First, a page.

Thursday, May 29, 2014


A media report below makes a key admission followed by inside info from Larry Pickering

Video shows tense meeting before Manus Island riot

Asylum seekers already angry about the uncertainty they faced were repeatedly told they would remain in Manus Island's overcrowded detention centre indefinitely at an incendiary pre-riot meeting, footage obtained exclusively by Fairfax Media shows.

The meeting brought to a head tensions that had simmered for months over the failure to process claims for refugee status and was a catalyst for the violence that began less than two hours later, culminating in the killing of Reza Barati.

Nearly two hours of video chart the meeting's descent into combative chaos as detainees vented their frustrations on PNG and Australian officials, who delivered scripted answers that underscored the hopelessness of the detainees' situation.

Five times PNG immigration official Jeffrey Kiangali told the detainees assessing their asylum claims would be a "very lengthy process" with "no definite timeframe".

He also repeatedly stressed they were "free to go home" any time, but if they chose to stay, they would be stuck in the detention camp "for as long as it takes to process your claims". His answers to questions put by the detainees at a meeting 12 days earlier were written by Australian and PNG immigration officials.

Mr Kiangali told the detainees from Mike Compound who gathered for the meeting that any misbehaviour might affect their refugee claims, a suggestion refugee lawyers said was inappropriate.

Mr Kiangali said: "Your behaviour and conduct at this centre will also be taken into consideration during your refugee status determination process."

In protests that followed, some of the detainees taunted PNG nationals outside the centre with slurs that were used to justify the retribution that followed, but in the meeting one Iranian stressed that their grievance was not with PNG people. "We just talk about your government, not your people," the man declared. "Your people are really lovely and we love them but, the thing is, your government shouldn't accept this."

According to the departmental inquiry headed by Robert Cornall, the meeting brought the tensions that had ben building to flashpoint, with detainees believing they would be on Manus Island for up to four years.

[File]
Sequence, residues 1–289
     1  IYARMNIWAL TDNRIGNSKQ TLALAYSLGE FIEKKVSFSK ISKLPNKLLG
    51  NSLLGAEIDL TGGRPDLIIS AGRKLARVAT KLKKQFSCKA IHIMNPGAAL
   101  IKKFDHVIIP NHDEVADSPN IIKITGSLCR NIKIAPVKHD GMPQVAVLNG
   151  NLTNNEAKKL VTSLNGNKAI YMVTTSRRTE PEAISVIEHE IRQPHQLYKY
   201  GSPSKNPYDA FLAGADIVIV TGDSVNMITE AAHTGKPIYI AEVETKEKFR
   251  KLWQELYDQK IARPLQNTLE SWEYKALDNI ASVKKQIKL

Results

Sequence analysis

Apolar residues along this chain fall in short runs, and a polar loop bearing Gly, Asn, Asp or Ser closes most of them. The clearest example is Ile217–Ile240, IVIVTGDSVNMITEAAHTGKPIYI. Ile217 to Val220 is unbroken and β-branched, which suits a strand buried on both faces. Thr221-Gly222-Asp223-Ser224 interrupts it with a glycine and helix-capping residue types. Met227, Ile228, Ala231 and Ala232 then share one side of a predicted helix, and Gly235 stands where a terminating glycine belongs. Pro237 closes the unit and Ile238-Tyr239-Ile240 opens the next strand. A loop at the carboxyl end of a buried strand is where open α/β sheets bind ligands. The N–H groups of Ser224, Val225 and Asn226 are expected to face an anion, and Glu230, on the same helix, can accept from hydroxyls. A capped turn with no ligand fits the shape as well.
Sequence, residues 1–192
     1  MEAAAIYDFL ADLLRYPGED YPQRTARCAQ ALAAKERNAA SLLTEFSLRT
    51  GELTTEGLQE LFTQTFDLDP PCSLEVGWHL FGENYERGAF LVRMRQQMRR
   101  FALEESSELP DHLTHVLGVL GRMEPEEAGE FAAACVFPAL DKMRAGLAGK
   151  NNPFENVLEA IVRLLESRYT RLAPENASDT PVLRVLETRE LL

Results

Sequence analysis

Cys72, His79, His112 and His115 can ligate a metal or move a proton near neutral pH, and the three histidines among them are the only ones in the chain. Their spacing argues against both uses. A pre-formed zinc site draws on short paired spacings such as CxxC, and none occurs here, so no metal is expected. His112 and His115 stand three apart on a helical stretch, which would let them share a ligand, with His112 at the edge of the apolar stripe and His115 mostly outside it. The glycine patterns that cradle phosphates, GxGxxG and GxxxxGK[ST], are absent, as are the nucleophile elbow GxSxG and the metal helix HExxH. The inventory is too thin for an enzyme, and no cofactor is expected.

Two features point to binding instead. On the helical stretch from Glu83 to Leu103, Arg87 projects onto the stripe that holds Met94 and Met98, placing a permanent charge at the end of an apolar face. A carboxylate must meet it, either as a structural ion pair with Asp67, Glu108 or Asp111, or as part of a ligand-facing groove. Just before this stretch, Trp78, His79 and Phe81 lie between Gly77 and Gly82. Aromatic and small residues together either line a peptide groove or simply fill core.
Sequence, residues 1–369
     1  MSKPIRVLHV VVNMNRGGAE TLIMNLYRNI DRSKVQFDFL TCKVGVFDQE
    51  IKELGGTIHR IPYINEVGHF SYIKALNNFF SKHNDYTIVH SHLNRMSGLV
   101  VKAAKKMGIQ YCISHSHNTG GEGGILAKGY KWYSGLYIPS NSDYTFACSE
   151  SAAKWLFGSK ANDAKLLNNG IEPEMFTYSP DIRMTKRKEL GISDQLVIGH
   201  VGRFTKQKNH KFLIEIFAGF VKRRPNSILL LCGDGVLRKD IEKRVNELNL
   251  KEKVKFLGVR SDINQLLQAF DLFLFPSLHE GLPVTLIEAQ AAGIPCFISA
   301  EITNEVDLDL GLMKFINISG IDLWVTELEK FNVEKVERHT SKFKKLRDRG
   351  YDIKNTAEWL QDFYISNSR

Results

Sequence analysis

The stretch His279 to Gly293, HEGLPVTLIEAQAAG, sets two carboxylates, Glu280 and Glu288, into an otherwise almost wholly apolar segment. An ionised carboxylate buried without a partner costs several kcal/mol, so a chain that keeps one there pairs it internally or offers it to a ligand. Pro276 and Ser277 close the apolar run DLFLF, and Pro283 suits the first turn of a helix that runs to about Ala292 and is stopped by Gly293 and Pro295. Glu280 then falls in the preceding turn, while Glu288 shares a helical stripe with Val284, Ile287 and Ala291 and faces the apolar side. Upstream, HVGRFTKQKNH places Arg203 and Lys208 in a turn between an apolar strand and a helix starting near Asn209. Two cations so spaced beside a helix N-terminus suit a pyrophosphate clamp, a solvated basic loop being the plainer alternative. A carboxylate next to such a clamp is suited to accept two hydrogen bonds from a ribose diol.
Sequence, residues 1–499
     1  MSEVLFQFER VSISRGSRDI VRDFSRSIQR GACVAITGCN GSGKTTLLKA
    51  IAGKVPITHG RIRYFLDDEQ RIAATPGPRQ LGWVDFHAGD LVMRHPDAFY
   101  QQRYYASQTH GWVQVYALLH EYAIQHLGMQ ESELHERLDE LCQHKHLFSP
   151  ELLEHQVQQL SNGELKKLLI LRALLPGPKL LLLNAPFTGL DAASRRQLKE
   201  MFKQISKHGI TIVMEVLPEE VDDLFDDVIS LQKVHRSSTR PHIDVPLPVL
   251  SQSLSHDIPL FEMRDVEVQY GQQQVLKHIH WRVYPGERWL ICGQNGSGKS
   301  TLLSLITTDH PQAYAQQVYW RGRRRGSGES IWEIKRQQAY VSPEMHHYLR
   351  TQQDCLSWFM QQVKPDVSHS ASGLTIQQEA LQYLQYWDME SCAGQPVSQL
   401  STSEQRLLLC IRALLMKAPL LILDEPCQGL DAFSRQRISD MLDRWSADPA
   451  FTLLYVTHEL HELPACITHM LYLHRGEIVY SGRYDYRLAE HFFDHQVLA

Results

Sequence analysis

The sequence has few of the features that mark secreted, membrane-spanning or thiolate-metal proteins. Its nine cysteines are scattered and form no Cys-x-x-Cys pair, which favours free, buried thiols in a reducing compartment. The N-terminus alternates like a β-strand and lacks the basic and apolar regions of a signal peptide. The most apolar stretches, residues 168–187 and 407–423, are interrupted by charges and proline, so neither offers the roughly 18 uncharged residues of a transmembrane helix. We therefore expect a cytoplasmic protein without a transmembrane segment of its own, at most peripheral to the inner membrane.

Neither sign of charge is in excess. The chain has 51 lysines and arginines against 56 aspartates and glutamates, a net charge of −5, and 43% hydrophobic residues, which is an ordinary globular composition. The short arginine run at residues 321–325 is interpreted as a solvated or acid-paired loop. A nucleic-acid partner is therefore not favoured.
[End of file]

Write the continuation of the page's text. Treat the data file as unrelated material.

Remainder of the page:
"The transferees felt that, after waiting for 12 days (for answers to questions), they were given no information at the Sunday meeting and that their questions had not been satisfactorily answered," the report concluded.

The meeting also underscores that many asylum seekers were simply upset they had been transferred to PNG when they wanted to come to Australia.

Daniel Webb, of the Human Rights Law Centre, said: "Refugees have rights. The governments of Australia and PNG must respect them instead of threatening to ignore them unless people are completely and utterly compliant whilst being detained indefinitely in inhumane conditions."

It is understood the video has been submitted to a Senate inquiry by security firm G4S.


Who was Reza Berati?

... a report from someone who was there

Well, he certainly wasn’t an “asylum seeker” or a “refugee”, as the ABC continually refers to him as. He was a well-heeled Iranian illegal immigrant who was beguiled by the promise of a land of milk and honey where people are actually paid not to work.

The ABC claimed to have a graphic inside story of how he was killed... sufficiently graphic to incite thousands to protest across Australia demanding Morrison’s head on a plate.

Of course the ABC and Fairfax didn’t remind anyone that reopening Manus Island was Kevin Rudd’s idea.

And not a single protester was to be seen when reports surfaced that 1200 “asylum seekers” had drowned. Oh yes, I remember, that happened under their Labor Government didn’t it?

Information received by Pickering Post this morning differs somewhat from the sketchy ABC report and is not included in the Cornall report.

To be fair, the information is from a local and it cannot be verified, but nor could the inflammatory ABC report.

“That Berati bastard was the ringleader, he was the one who started the riot”, said the informant. “When the New Guinea security guys of G4S got to the compound, the inmates began throwing rocks and chairs and tried to light fires. They were yelling insults and stuff, that’s when it all got out of hand.”

According to the informant, Berati was well known to security, he was the one they were after, it was he who had led the chanting that had been intimidating the guards for weeks. The chanting went as follows (excuse the language):

“AIDS pigs, we’ll fuck your mother, we’ll fuck your wife, we’ll fuck your sister and rape your daughter.”